- Twitter is reportedly in talks with Apple to place the Twitter app on Apple TV.
- The move has more symbolic importance than financial, but it could be a game-changer.
- Can Twitter become the Netflix of live content streaming?
Shares of San Francisco, California-based micro-blogging service Twitter (NYSE:TWTR) have rallied strongly after an initial post earnings correction, piling on massive gains of over 32% since. With the initial gains coming on the back of buyout rumors, Twitter shares gained a substantial 6.7% in yesterday’s trading session, after reports of its talks with Apple (NASDAQ:AAPL) to be on Apple TV were all over the media. Why does Apple TV matter?
Does Apple TV Really Matter?
There’s no official word on this yet, but Twitter is reportedly in talks with Apple to bring the Twitter App to Apple TV. According to a report in March 2016, Apply TV only has about 23 million Monthly Active Users (MAUs) globally, implying that its audience is less than a 10th of Twitter's.
So, rather than the financial impact of being on Apple TV, the news is of significance for other reasons. For Twitter, the move likely signals an even larger shift towards live video streaming of sports, news and other events, which could significantly aid engagement levels on the platform.
Twitter, which has been working to bring a whole lot of live streaming content onto its platform has registered some important wins lately. For starters, Twitter outbid its significantly larger rival Facebook to bag rights to live stream 10 NFL games this season. Twitter reportedly spent $10 million to acquire streaming rights to the games which drew about 13 million viewers per game on average last year.
That's not all. Twitter has also signed a slew of other deals.
More recently in July 2016, Twitter inked a deal with Sky Sports to stream highlights and key moments like goals from the hugely popular English soccer championship, Premier League. Twitter will also be streaming out-of-market games from Major League Baseball (MLB) and the National Hockey League (NHL), both of which are very popular in the United States.
The micro-blogging platform has also signed a deal with the National Basketball Association (NBA), which will allow it to "broadcast original programming created exclusively for the social media company." While the deal does not include streaming of the actual games, it does include a host of other content which will be found only on Twitter, Vine and Periscope.
Twitter will also be live streaming a multi-sports highlights show called "The Rally", to be produced every night exclusively for the platform by 120 Sports, the Over The Top (OTT) network. After streaming the Wimbledon tennis finals, Twitter also recently streamed the Republican and Democratic national conventions, and is set to stream select Bloomberg Television programs.
Well, all of this is great news for Twitter. With the recent slew of deals spanning live streaming of sports, news and events, it appears as if Twitter is gearing up to transition into a video version of itself. For most users, Twitter is about live commentary and instant updates. Apart from connecting with celebrities, that's what a lot of Twitter users use the platform for. And if that can be delivered in video formats, Twitter should stand a better chance of luring and retaining millennials.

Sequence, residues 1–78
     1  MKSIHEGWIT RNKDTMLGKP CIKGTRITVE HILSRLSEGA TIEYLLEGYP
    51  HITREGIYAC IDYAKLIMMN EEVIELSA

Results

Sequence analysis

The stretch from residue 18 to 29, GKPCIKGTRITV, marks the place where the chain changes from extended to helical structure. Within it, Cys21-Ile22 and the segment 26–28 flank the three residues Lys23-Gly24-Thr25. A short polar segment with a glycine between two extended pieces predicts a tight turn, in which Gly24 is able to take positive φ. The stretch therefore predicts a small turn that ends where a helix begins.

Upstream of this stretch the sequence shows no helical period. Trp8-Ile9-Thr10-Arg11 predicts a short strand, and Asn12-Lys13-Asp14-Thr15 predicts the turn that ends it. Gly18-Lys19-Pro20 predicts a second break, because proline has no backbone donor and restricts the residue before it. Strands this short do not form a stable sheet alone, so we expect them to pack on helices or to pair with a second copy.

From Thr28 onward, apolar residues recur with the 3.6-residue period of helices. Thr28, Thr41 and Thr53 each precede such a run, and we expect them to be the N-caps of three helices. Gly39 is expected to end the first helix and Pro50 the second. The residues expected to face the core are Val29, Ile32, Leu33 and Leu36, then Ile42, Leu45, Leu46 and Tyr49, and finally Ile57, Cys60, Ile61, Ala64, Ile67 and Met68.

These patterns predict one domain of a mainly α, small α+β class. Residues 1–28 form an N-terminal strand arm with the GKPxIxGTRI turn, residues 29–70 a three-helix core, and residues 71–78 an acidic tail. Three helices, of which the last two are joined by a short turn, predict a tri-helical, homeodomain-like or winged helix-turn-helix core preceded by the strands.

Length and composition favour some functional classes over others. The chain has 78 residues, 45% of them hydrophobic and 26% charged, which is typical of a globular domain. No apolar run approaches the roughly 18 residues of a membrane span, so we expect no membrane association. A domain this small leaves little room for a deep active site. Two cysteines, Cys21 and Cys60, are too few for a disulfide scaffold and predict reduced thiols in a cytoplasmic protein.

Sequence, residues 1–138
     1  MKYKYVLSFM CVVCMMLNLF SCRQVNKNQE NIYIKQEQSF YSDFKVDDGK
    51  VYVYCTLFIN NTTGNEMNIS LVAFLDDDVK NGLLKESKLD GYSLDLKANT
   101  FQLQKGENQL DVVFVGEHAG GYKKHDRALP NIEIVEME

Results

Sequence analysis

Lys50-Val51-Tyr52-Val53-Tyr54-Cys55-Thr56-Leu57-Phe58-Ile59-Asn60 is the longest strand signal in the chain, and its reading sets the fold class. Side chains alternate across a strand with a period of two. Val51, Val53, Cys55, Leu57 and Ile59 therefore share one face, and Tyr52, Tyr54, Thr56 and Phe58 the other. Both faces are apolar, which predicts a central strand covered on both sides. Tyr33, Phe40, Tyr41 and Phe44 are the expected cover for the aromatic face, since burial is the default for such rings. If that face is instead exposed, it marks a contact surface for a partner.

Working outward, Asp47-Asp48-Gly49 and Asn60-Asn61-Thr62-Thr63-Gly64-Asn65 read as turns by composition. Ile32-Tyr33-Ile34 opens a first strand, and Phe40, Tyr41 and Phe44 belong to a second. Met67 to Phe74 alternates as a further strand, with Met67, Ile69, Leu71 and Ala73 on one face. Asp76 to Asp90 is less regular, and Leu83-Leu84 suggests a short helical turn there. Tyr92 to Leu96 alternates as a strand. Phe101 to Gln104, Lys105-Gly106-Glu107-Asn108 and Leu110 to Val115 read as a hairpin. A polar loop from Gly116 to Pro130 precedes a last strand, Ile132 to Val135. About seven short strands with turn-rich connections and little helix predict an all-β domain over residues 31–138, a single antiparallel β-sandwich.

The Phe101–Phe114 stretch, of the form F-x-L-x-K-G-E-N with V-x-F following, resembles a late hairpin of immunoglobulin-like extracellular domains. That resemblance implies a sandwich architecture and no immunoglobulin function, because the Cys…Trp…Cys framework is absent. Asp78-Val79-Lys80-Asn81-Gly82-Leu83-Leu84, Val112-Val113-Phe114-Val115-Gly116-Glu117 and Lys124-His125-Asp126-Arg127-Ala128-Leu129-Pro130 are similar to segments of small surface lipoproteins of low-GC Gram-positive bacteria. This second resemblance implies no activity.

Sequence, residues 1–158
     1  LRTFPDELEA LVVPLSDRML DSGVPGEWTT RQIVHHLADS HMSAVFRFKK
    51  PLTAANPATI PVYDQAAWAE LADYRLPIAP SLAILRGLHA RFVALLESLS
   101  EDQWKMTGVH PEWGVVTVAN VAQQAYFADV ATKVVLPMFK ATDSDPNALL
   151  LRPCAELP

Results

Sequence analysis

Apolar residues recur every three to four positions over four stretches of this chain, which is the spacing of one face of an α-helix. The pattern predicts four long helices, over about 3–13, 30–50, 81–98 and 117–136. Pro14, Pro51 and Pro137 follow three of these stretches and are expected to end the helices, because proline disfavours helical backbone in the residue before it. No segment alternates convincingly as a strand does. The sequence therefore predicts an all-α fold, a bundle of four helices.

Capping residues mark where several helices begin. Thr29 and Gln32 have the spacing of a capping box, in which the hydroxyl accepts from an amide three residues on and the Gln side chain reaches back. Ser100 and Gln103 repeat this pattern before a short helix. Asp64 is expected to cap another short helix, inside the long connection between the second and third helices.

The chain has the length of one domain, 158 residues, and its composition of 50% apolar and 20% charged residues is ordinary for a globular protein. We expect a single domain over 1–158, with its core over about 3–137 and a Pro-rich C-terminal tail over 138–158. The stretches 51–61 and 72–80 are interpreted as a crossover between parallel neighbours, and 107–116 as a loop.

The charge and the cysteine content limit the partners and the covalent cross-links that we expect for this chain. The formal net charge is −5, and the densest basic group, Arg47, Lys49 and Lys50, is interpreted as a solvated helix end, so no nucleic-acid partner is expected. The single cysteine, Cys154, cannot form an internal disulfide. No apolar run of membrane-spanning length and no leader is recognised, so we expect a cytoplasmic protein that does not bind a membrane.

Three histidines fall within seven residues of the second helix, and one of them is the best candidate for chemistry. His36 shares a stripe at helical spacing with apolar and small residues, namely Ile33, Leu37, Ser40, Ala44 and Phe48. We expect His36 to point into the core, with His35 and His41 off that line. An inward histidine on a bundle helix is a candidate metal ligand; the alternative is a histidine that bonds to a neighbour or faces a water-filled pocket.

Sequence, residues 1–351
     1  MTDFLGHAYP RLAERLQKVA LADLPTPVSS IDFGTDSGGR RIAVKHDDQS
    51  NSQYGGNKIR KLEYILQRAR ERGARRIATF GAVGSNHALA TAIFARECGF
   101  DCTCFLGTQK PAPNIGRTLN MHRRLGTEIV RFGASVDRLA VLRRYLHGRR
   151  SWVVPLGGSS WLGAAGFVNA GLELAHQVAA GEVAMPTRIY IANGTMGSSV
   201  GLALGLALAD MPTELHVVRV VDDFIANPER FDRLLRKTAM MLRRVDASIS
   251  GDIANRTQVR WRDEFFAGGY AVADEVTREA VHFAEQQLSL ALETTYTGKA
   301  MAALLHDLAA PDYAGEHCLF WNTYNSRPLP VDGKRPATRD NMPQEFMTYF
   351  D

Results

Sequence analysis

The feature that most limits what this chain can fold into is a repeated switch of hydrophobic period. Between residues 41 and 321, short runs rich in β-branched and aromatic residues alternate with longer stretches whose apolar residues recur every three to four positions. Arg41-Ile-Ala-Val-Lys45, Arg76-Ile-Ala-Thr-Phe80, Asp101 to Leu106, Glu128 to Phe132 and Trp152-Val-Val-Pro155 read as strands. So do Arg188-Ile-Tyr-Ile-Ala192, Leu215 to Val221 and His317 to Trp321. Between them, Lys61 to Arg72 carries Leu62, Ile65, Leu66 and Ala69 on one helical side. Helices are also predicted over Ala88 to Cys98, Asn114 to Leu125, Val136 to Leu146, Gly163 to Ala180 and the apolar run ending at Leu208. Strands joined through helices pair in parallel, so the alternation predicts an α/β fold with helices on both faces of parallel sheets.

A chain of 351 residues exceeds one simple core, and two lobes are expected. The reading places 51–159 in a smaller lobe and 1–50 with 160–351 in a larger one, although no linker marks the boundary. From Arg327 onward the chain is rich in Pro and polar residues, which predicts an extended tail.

The fact that Twitter wants to be a part of Apple TV signals that this is going to be an ongoing effort for Twitter. On the surface, all of this is great news, and augurs well for Twitter's user engagement, and possibly even user growth.
There's a downside to streaming content, and everybody who follows Netflix is probably familiar with the problem. Content that's great for audiences and catches eyeballs also carries content costs for streaming services. In recent times, Netflix has found itself investing increasingly huge amounts of money in content, be it licensed, or produced in-house. Twitter is probably going to face a similar situation, and with the kind of losses it registers, scaling its live content streaming operations could turn out to be a tough ask.
What's more, Twitter might not really be in a great bargaining position, casting a doubt over how much money it could actually make. In the case of the NFL games for instance, Twitter managed to bag the deal because it was willing to "sell only a portion of the ad inventory exclusively." In contrast, Facebook "wanted to sell all the ads that would air during the football games, essentially cutting out the sales relationship between the N.F.L. and marketers". Twitter is still going to make some money from streaming the games, but the question is, how much will it make net of content costs and expenses?
Summing It Up
Twitter's interest in placing its app on Apple TV is more important because it's symbolic of a shift in Twitter's focus, rather than the Apple TV opportunity itself. Live streaming of sports, news and events seems to be the right direction for Twitter as it transitions into a videos-based version of itself. However, it remains to be seen how feasible such a transition will be financially. Twitter's focus on live streaming could boost engagement levels on the platform and possibly bring in new users. That said, it's still early days, and one would do well to wait before reading too much into it.